Physicists just broke the record for world’s thinnest magnet, and it’s wild

Science

A slice of material just a single atom thick is breaking records.

The ultra-thin wafer is a magnet that operates at room temperature, opening up avenues for the development of technology, particularly memory devices, and for research into ferromagnetism and quantum physics.

It’s a huge step up from previous attempts to make a 2D magnet, which have lost their magnetism and stability when removed from ultracold conditions.

“We’re the first to make a room-temperature 2D magnet that is chemically stable under ambient conditions,” said materials scientist Jie Yao of the University of California Berkeley.

“State-of-the-art 2D magnets need very low temperatures to function. But for practical reasons, a data center needs to run at room temperature. Our 2D magnet is not only the first that operates at room temperature or higher, but it is also the first magnet to reach the true 2D limit: It’s as thin as a single atom!”

This amazing achievement was made using a material called cobalt-doped van der Waals zinc-oxide. As the name suggests, it’s created by combining graphene oxide, zinc, and cobalt. Graphene oxide is immersed in acetate dihydrates of zinc and cobalt, the ratios of which are carefully measured.

When baked in a vacuum, this mixture slowly cools into a single layer of zinc oxide interspersed with cobalt atoms, sandwiched between layers of graphene. A step of baking in air burns off the graphene, leaving the single layer of cobalt-doped zinc oxide.

The team then used scanning electron microscopy to confirm the structure’s single-atom thickness, and transmission electron microscopy to image the crystal structure and composition, atom by atom.

magnetIllustration of magnetic coupling in the material. (Berkeley Lab)

The resulting 2D film was found to be magnetic, but exactly how magnetic depended on the amount of cobalt scattered among the zinc oxide. At around 5 to 6 percent, the magnetism was fairly weak. Doubled to about 12 percent, the material became quite strongly magnetic.

At 15 percent, the material was so strongly magnetic that localized spins within the material started to compete with each other, a condition known as frustration. This can stymie magnetic order within a system, so it seems somewhere around 12 percent is the cobalt sweet spot.

Interestingly, the film remained magnetic and chemically stable not just at room temperature, but up to temperatures of around 100 degrees Celsius (212 degrees Fahrenheit) – even though zinc oxide is not a ferromagnetic material.

“Our 2D magnetic system shows a distinct mechanism compared to previous 2D magnets,” said materials scientist and first author of the study, Rui Chen of UC Berkeley. “And we think this unique mechanism is due to the free electrons in zinc oxide.”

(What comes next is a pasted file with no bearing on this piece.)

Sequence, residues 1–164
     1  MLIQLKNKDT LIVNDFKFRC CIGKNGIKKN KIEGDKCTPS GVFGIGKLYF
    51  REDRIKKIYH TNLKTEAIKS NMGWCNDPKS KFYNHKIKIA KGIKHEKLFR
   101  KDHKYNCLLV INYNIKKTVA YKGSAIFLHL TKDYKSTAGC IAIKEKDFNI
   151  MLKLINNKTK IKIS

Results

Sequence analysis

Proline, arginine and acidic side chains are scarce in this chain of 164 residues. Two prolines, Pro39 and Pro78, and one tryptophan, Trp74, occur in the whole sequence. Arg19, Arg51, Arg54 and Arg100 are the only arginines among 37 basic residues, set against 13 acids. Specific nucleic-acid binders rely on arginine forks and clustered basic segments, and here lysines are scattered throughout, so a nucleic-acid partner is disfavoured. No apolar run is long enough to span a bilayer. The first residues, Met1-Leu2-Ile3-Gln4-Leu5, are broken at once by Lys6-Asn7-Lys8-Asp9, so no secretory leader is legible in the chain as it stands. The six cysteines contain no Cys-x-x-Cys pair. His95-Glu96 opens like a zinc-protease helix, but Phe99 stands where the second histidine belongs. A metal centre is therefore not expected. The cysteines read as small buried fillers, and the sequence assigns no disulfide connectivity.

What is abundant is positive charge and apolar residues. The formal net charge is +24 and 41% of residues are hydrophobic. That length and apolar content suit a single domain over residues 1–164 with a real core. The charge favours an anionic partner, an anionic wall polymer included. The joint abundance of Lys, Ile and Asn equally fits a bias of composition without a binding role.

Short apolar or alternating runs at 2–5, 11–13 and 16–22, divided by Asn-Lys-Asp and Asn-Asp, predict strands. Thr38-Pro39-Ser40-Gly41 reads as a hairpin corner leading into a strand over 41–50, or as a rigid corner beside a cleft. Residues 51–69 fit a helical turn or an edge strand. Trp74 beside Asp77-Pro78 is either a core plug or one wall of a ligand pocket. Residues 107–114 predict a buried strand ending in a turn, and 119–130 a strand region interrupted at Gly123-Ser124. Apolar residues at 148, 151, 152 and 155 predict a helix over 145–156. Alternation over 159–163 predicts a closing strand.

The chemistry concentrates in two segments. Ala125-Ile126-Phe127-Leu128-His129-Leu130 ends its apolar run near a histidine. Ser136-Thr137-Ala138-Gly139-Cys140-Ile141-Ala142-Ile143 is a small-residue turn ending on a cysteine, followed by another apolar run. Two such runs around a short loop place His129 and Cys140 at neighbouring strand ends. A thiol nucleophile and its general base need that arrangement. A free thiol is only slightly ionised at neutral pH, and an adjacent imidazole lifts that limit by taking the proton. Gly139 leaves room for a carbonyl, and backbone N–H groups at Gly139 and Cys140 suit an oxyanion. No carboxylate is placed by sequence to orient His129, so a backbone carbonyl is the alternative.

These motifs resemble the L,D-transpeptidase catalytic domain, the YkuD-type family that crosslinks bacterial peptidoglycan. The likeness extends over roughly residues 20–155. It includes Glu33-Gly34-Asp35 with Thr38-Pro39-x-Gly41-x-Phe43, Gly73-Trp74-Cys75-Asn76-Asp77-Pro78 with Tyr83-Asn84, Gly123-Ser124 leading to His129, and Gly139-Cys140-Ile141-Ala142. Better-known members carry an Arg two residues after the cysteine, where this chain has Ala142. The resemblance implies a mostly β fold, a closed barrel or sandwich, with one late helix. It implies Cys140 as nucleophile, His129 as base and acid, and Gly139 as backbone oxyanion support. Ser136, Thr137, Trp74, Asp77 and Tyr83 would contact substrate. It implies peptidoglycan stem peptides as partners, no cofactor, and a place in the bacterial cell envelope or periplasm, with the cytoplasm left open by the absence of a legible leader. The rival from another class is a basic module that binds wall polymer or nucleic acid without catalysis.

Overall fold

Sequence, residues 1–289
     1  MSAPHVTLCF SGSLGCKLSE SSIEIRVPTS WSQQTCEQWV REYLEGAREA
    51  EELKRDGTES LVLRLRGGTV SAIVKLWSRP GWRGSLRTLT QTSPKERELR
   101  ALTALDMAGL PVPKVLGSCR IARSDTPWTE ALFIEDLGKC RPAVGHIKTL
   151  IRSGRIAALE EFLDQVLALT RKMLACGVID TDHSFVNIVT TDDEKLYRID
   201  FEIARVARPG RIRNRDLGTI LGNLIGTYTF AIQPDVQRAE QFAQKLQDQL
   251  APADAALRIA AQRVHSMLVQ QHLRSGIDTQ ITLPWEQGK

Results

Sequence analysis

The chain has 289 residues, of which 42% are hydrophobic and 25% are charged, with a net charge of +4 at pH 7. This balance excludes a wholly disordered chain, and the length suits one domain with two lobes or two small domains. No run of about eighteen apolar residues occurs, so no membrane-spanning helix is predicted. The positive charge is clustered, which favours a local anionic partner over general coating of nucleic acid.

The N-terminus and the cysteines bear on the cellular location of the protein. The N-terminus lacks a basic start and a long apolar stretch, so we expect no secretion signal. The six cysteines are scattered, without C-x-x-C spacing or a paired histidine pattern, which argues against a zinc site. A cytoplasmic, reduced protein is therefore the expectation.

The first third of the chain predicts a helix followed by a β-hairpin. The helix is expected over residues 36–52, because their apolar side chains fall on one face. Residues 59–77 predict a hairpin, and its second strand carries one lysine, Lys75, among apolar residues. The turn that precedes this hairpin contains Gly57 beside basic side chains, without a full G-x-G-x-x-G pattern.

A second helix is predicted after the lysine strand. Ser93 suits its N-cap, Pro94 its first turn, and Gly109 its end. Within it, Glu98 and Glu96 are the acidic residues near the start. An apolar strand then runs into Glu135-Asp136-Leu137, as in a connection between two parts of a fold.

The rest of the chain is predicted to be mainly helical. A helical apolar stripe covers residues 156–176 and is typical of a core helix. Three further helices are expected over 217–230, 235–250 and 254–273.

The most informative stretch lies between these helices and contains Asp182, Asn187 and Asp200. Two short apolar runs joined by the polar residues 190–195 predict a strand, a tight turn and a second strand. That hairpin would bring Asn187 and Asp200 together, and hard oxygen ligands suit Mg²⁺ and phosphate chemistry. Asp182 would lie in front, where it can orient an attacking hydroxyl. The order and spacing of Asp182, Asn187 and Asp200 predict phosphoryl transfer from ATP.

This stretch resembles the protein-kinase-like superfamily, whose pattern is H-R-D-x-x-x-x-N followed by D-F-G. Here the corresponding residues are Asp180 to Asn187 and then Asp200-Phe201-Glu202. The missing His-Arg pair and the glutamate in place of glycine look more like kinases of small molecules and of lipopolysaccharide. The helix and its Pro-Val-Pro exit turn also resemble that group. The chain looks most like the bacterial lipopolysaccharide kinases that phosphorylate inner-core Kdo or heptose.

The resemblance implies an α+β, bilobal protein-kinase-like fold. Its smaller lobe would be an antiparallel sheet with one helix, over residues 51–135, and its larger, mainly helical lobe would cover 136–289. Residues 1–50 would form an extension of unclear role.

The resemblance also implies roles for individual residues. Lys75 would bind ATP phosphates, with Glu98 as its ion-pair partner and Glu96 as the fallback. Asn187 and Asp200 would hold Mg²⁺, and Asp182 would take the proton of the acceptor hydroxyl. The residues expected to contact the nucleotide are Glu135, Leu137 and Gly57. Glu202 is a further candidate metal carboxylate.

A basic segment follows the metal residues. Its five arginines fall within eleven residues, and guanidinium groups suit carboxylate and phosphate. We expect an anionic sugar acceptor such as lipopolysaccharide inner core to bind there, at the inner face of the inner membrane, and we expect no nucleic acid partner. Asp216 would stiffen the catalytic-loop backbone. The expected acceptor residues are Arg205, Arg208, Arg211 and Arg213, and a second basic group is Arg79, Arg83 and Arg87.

Electrons are, among other things, very small magnets. Each electron has a north and south magnetic pole and its own tiny magnetic field. In most materials, the magnetic orientations of the electrons cancel each other out, but in ferromagnetic materials, electrons group together in domains where they all have the same magnetic orientation. In a magnetic material, all the domains are oriented in the same direction.

Free electrons are those not attached to the nucleus of an atom. The researchers believe that the free electrons in zinc oxide could be working as intermediaries that keep the magnetic cobalt atoms in the film oriented in the same direction, even under high temperatures.

It’s certainly something that warrants further investigation, especially since it could open so many new avenues for the development of technology and research. The film itself is flexible, and its manufacture scalable, which means the possibilities are dazzling.

One avenue is studying the magnetic interactions between atoms, which has implications for quantum physics. Another is spintronics, the study of the spin of electrons. It could be used to manufacture lightweight and flexible memory devices, too, which rely on switching the orientation of the magnetic field to encode binary data.

Future analysis and calculations will help better understand the limitations of the material.

“Our results are even better than what we expected, which is really exciting. Most of the time in science, experiments can be very challenging,” Yao said. “But when you finally realize something new, it’s always very fulfilling.”

The research has been published in Nature Communications.

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